Think, just for a second, about all the coincidences, choices, and unseen forces that have led you to this moment, sitting where you are and reading this blog post.
And — although I’m not pretending this blog is especially popular — imagine all the other people who have read or are reading this blog, along with all the coincidences, choices, and unseen forces that led to this shared moment.
None of your lives are the same. You are reading this for different reasons; you are sitting in different places; you are regretting different decisions; you are looking forward to different opportunities. But none of that matters — in this moment, what matters is that you are right here, right now, sharing the same experience.
And the same applies to health care.
Too many people talk about the health care debate as if all that matters are people’s personal histories — all the coincidences, choices, and unseen forces that have led them to this moment when they need health care. These histories include if they landed a good job with benefits, if they went to college, if their parents make good money, if they’ve taken care of their health, or if they came to this country legally. If any of these things didn’t happen, then perhaps they don’t deserve healthcare. If you did not come to this country legally — and can’t pay taxes — you aren’t entitled to use services paid for by taxpayers. If you came from a poor or working class family, or if you are working a job without benefits and can’t pay for insurance yourself, well — tough luck. Healthcare is not a constitutional right.
But think back to yourself, right here, right now, and everyone else who ever has or ever will visit this blog. What is the real difference between you, in this moment?
And imagine, instead, that you are all in need of medical attention. It’s not urgent — maybe it’s a pain in your hip that makes it hard to walk, or a persistent ache in your abdomen that you know isn’t a simple belly ache. Maybe it’s headache that won’t go away, or a heart that struggles a little too much when you walk up the stairs. Perhaps all of you, sharing this moment, have a weird spot on your shoulder that might be malignant, or a popping in your back, or a cracking tooth that makes it hard to eat. In this moment, what is the difference between you? In this moment, with all of you feeling the same pain, the same dull anxiety that something is wrong, the same realization that only a medical professional can fix this — in this moment, how can you say that one of you deserves healthcare more than the other? That you deserve it more than someone else? That someone else deserves it more than you?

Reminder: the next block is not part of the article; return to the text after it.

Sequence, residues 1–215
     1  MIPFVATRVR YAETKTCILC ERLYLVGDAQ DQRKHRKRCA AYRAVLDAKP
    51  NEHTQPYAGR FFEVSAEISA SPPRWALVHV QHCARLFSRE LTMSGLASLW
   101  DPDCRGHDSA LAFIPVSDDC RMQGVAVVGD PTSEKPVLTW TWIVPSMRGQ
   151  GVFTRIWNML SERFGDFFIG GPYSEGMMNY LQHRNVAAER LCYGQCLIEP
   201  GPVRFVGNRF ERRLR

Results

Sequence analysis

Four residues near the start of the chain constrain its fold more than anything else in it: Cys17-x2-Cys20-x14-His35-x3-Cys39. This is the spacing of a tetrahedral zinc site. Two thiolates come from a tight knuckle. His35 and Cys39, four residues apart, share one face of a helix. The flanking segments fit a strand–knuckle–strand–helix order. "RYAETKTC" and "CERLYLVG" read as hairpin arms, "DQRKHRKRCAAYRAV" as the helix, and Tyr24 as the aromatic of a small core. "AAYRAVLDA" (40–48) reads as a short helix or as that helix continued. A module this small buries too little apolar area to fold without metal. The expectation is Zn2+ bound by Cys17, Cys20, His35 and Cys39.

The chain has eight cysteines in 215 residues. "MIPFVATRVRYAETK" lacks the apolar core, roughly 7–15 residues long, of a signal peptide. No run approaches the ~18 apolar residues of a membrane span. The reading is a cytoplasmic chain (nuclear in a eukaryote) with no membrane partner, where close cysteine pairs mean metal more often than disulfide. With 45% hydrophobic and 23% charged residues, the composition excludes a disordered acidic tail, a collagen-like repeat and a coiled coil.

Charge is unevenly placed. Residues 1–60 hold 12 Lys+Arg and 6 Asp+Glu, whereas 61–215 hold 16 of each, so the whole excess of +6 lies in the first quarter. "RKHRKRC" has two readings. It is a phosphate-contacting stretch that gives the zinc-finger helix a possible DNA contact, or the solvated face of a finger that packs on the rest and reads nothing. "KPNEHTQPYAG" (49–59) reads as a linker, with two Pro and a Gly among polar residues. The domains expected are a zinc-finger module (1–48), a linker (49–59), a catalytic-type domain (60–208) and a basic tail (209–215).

I can’t say that.
To me, it is like someone starving to death in a grocery store because they don’t have money. Take a step back: a human being is in need of something essential for their survival, and they are literally surrounded by more food per square inch — more calories, more nutrition — than has ever existed in the history of the world. But, because the path that led them there is full of missteps and misfortune, that person is not deserving of the food that sits on the shelves around them. And don’t turn this into a euphemism — to say that someone without money cannot buy food is to say that someone without money doesn’t deserve food. But guess what — a hungry human being is a hungry human being. I don’t even care if the reason they have no money is because they have five felony convictions and no one will hire them.
Along those same lines, a sick human being, by virtue of being sick, is a human being who deserves healthcare. I don’t care if they came to this country illegally. I don’t care if they drink seventeen sodas a day and have ‘done this to themselves.’ I don’t care if they are poor or live in a rural area. That sort of ‘patient history,’ in terms of deserving access to care, shouldn’t matter. They are sick, or they soon will be. In the end, that’s all that should matter to us.